Tony Howard Interview

Adventurer Leon McCarron interviews Tony Howard about his life and his new book, Quest into the Unknown. Tony rose to fame in 1965 as one of a group of young climbers who made the first British ascent of Norway’s Troll Wall; a climb described by Joe Brown as, ‘One of the greatest ever achievements by British rock climbers’. Tony and his wife, Di Taylor, have explored all over North Africa and the Middle East, surviving in many of these countries by living with the enigmatic Bedouin tribes.

In this interview Tony talks about developing climbing and adventure tourism in Jordan and climbing and exploring in Iran, Sudan, Arctic Canada, Morocco and Algeria. He also discusses the development of modern climbing equipment with which he was greatly involved as well as exploring the Sinai Trail and the relationship between climbing and travel.

For more about Quest into the Unknown, click here:

4 Jun, 2019

Well that was a refreshing and inspiring interview. Thanks for that. I've just finished Tony's book and it is a great read.


6 Jun, 2019

...and the interview echoes his unassuming accounts of his exploratory climbing - "its all about going climbing somewhere interesting with some good friends" or words to that effect.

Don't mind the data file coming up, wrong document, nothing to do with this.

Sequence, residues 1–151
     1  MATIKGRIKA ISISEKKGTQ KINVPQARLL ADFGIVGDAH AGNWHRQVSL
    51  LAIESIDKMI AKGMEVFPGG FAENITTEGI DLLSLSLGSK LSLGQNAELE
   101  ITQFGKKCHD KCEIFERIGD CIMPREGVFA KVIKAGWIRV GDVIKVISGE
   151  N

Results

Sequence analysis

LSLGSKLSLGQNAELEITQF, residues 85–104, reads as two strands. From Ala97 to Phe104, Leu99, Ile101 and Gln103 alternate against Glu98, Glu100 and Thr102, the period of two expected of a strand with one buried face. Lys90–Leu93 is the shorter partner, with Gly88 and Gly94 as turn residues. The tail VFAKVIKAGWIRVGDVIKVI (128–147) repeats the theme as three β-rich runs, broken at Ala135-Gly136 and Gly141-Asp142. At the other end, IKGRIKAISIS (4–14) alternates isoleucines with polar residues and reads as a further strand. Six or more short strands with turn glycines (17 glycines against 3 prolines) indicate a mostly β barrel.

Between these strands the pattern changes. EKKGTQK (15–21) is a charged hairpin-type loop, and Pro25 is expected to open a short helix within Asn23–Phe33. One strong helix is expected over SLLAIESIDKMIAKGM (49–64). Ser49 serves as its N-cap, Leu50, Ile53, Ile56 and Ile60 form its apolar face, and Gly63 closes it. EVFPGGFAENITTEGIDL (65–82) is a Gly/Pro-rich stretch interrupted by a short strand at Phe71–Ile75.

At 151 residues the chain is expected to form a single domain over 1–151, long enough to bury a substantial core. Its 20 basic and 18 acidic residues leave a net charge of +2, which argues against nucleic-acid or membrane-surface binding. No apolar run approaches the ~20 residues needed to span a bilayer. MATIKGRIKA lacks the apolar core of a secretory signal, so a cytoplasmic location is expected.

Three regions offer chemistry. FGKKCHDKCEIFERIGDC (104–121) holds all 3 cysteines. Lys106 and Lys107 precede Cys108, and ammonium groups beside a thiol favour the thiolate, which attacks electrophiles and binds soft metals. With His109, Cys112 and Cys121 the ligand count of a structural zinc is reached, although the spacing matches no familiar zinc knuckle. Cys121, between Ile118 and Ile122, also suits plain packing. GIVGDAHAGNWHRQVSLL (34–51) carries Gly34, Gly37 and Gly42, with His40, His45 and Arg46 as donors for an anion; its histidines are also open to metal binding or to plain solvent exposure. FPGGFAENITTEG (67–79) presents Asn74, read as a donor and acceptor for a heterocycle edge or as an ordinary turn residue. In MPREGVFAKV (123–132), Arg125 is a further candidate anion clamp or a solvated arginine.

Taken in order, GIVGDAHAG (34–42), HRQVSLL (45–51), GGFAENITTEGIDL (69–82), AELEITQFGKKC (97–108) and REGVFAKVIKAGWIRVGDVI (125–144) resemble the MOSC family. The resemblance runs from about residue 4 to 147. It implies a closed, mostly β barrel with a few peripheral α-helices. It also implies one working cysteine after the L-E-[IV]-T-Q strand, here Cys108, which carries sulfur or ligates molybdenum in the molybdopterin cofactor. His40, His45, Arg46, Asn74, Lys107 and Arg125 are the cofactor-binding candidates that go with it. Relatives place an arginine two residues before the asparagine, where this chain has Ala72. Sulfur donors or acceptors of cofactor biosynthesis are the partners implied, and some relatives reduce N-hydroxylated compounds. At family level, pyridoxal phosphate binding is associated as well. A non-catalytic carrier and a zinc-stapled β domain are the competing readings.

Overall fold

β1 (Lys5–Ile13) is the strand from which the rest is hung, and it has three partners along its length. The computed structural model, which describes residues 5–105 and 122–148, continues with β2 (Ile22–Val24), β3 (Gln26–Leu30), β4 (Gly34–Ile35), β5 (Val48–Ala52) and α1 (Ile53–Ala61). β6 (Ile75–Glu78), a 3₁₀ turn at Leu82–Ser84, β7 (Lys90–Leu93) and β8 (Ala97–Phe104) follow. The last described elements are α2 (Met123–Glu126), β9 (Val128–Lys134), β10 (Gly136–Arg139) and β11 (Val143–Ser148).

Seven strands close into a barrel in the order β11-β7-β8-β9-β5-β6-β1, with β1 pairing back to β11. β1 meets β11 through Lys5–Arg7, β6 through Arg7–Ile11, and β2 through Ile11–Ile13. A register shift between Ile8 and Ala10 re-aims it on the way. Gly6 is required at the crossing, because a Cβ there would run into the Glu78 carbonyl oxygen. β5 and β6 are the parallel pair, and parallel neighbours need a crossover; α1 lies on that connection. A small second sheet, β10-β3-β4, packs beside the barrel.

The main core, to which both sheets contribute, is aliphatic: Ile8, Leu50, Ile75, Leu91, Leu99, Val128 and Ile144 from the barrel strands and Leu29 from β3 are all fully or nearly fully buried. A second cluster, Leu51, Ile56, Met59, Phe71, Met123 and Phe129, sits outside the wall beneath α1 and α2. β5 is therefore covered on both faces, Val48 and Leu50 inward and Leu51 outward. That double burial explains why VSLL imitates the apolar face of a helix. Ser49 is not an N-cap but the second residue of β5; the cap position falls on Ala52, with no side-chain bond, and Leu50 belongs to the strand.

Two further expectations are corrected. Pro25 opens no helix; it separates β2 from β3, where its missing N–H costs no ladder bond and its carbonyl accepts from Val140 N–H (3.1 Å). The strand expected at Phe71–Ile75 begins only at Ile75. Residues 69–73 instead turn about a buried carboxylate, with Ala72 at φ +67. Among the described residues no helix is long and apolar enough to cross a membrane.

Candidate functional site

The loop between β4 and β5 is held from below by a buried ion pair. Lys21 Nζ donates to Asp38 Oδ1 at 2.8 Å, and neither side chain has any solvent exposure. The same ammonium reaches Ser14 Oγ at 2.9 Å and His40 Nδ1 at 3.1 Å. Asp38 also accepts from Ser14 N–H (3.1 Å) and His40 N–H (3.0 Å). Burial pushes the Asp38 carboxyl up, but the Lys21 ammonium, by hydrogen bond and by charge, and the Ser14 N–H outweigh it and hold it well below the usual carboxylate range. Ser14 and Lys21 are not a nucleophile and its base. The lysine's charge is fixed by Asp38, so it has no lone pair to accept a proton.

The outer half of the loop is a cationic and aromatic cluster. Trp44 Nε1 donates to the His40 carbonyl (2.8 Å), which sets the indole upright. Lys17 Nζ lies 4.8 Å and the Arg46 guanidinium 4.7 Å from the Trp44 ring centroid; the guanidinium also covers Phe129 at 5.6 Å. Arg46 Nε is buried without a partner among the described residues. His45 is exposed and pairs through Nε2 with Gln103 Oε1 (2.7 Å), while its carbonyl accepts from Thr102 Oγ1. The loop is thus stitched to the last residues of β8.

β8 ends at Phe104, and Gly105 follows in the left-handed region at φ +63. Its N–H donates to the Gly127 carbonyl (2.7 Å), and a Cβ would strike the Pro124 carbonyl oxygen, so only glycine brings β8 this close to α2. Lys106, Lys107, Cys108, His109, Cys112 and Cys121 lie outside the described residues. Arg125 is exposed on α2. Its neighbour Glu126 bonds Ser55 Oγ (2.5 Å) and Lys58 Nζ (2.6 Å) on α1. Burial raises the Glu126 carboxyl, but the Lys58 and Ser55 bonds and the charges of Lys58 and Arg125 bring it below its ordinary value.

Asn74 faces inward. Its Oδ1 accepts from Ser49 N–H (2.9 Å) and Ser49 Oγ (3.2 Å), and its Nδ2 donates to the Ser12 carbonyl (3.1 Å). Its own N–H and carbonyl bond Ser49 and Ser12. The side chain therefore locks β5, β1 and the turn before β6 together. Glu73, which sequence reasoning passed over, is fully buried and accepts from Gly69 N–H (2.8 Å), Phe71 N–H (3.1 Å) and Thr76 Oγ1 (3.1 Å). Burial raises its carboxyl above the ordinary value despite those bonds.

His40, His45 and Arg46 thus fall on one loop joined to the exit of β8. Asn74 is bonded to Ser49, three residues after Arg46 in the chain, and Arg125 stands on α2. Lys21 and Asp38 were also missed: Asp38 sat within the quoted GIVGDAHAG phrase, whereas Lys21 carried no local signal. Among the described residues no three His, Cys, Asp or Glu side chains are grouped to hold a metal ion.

6 Jun, 2019

Great interview. The only reason he’s not a household name in Britain as a great adventurer is because of his unassuming nature.

When I visited Wadi Rum in 2012 I had a chat with Sabah, an older Bedouin guide, who'd been one of the first guides to start up when Tony Howard was there in the 1980s. Sabah's Route on Jebel Rum was his and is named after him in Tony Howard's guide. He said he'd travelled round the UK and had stayed with TH.

Another Bedouin I spoke to said that TH is respected by all in the village, and is welcome in every home. Not surprising in view of what he must have done to boost the local economy.

Things in 2012 were very different from how they must have been in the 1980s. Tony says in the interview that there were only about 6 houses in the village and they lived by hunting. The taxi driver who took me to what was now a big village in 2012 said many of the Bedouin now had Internet and TV. All the Bedouin we met in the desert had mobiles. It was strange to hear the ubiquitous Nokia ringtone out in the desert.

Hearing Tony Howard talk about the world class Bedouin scrambling routes makes me want to go back! I only did one trek/scramble, through the Rabakat canyon. Supposedly Grade 2, but I must have gone off route as I found myself on Solid Grade 3 territory for a couple of shortish sections. Route finding is a big part of the adventure there!

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